Progress of Egyptology.
Turin (Bossi IT, iv), remnants of yet another form of this popular work
are in Paris (Copte 131s, 108, 152 etc.).
Jacoby's erudite book23 upon the legends connected with Christ's
baptism relates, at many points, to the Christian literature of Egypt.
The investigations start indeed from an examination of statements in
certain Coptic texts as to the exact time of the Birth (v. Report, 1897-98,
C. Schmidt's elaborate study of the Acts of Peter24 takes as a starting
point five leaves of an early (" 5th century ") Coptic papyrus at Berlin.
His investigations have led him to renounce his earlier views and now
to regard these early (cci. 200) Acts as of Catholic, not Gnostic, origin.
Subsequently popular in heretical circles, they fell into disrepute among
the orthodox. With this new view von Dobschutz25 does not agree,
though he regards the question as still unsettled. Long discussions
of the facts, originating in the same publication, are given by A.
Guidi's Bohairic Testament of Abraham (v. Report, 1899-1900, 47)
has been translated by E. Andersson,2' who appears over-ready to
-assume ignorance or carelessness in the Coptic scribe. Several of the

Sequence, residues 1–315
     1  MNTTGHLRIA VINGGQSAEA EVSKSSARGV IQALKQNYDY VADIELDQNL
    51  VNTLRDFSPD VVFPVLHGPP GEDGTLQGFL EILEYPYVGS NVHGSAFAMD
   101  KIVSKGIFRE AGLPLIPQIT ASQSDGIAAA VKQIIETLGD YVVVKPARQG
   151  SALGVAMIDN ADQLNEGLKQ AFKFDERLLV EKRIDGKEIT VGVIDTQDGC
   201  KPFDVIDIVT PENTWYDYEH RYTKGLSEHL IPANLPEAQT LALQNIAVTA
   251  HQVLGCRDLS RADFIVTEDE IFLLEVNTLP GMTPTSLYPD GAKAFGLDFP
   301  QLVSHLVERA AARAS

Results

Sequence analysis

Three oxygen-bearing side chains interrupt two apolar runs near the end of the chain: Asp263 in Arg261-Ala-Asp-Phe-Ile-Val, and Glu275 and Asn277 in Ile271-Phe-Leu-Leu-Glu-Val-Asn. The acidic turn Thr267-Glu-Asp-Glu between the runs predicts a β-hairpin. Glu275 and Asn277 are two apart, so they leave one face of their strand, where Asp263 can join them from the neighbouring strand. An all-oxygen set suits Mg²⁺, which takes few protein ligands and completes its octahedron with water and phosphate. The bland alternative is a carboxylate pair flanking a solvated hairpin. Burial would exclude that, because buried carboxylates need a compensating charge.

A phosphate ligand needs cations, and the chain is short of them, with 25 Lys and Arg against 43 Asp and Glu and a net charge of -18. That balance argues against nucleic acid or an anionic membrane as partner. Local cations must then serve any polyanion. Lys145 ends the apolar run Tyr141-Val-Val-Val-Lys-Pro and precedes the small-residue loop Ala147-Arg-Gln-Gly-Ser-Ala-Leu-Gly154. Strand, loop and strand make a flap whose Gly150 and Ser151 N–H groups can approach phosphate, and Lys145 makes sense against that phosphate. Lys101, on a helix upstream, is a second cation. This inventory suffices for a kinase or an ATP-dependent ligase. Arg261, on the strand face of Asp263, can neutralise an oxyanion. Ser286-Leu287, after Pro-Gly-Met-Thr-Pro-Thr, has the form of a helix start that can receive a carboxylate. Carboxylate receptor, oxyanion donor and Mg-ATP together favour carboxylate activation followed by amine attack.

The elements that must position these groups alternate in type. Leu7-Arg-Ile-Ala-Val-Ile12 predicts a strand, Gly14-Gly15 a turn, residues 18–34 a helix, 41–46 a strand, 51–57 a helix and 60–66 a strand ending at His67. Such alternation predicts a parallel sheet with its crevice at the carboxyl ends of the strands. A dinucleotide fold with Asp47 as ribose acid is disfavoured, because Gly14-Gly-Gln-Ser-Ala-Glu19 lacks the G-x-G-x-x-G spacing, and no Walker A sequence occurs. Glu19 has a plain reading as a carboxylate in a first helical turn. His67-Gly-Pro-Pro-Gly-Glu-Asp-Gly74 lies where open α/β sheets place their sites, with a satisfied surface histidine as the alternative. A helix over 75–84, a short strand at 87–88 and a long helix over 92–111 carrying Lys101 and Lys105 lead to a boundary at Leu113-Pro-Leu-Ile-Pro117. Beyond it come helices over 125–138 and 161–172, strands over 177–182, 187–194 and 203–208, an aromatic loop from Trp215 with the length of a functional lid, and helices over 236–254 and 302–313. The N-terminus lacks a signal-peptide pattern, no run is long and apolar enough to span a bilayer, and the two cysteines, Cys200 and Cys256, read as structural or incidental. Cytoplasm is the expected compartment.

forms which he would emend are of no little interest, especially those
which he, perhaps rightly, terms " sa'idicisms." The Coptic text is re-
printed and translated into Arabic, presumably by Labib.2S The
systematic publication, contemplated by Guidi, of all the early Bohairic
MSS. in the Vatican is likely to result in considerable modifications in our
views of that dialect.
The existence of a Coptic version of the Shepherd of Hennas was to be
presumed from the acquaintance which Egyptian Fathers show with the
book. Fragments of a Sa'idic translation have now been recognized by
J. Leipoldt,29 a pupil of Steindorff's, among the volumes of the Paris
■collection supposed to contain only " Shenoute." The editor does not
venture to date the MS. The script may be compared with Hyvernat,
Album, pi. iv. 1, which might be of the 6th to 8th centuries.
Another element is added to the discussion as to the original form of the
Life of Paul of Thebes by F. M. E. Pereira's print of the Ethiopic
Below the Gospel text of Zoega no. lxxiii (Sa'id.), in a hand of about
the 11th century, is part of the Miracles (or Martyrdom) of Philotheos,
which has been edited by Balestri.30 This is doubtless the popular
Antiochene saint, martyred by Diocletian (v. Synaxarium, 16th Tubeh).
The MS. no. 3 of Munich contains further fragneLts of his story.